Bishops’ Conference Features Conversion Stories Online
Among those preparing to enter the Church is Abby Johnson, former Planned Parenthood clinic director and author of “Unplanned.”
In an interview with ZENIT last month, Johnson explained, “The day I left Planned Parenthood, I was embraced by the loving arms of the people who had prayed for me for years, most of whom are Catholic.”
She continued: “After attending some various Catholic parishes, I fell in love with the liturgy and found myself wanting to learn more and more each day.
“I found myself in awe of the devotion that my Catholic friends had that I didn’t, and I knew I wanted that same devotion myself. Doug and I decided we want to be a part of what the Catholic Church stands for and we have found such purpose through the Church.”
Johnson and her family will join the Church with 911 others in the Diocese of Austin, Texas.
James and Michelle House, formerly Episcopalian, will enter full communion with the Catholic Church in the San Francisco Archdiocese. The following week, five of their children will also be received into the Church.
Thousands of new Catholics are expected in the archdioceses nationwide: 1,600 in New York; 811 in Philadelphia; 1,100 in Washington; more than 1,000 in Seattle; 875 in Portland, Oregon; 1,100 in Cincinnati, Ohio; 2,490 in Galveston-Houston, Texas; 1,912 in Atlanta; 504 in Louisville, Kentucky; 613 in Milwaukee, Wisconsin; and 643 in St. Paul and Minneapolis, Minnesota.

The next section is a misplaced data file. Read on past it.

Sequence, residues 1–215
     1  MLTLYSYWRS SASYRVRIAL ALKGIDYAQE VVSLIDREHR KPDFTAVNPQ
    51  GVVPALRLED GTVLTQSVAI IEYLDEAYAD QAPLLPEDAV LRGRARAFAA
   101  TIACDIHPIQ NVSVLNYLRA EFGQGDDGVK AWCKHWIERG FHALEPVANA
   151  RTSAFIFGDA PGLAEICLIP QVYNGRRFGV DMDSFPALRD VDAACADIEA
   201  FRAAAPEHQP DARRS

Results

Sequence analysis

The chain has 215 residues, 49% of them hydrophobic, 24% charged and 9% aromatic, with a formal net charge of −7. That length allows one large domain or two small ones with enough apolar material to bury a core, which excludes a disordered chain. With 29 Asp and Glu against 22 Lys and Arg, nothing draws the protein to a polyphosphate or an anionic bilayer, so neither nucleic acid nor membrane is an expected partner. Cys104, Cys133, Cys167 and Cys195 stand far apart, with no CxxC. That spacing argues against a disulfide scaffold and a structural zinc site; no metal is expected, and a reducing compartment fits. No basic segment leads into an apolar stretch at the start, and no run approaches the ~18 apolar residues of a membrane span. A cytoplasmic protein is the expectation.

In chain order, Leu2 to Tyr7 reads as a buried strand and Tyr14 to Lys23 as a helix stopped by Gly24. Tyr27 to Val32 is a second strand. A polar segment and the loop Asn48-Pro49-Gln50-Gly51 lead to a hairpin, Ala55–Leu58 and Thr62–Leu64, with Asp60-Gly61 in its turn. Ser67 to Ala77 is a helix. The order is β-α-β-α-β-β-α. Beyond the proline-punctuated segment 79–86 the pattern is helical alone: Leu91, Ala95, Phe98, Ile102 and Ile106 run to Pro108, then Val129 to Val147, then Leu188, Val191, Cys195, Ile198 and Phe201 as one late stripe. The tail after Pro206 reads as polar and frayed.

The numbers in smaller dioceses reflect “the vitality” of the Church in the Midwest, South and Southeast regions of the country, the USCCB reported.
On Monday, the bishops’ conference will begin featuring conversion stories from around the country on its media blog page.
Others preparing to enter the Church include an African woman who was raised Muslim, a marine set for deployment in June, and a secretary at the Diocese of Manchester, New Hampshire who has been sharing her conversion story online.
Cheryl Sickle, who works in the Office of Worship and Sacraments in Wheeling-Charleston, West Virginia, observed, “Each year, some of the most touching moments at the Rite of Election include the emotions expressed.”
“We see faces full of joy as catechumens and candidates alike realize the bigger picture of their decision to join the Church,” she said.
Sickle continued: “We see the smiles of proud grandparents as their young grandchildren painstakingly sign the Book of the Elect, and the overwhelming emotions of wives or husbands, brought to tears, whose spouses are converting to the Roman Catholic faith after years of marriage.
“We see physically challenged people with a look of determination as they slowly and resolutely process forward, and the bond of belonging on the faces of a family who welcome into their midst and into their faith a newly-adopted son or daughter of a different ethnicity. It is a one-time rite, but the RCIA formation behind it lasts — and changes — a lifetime.”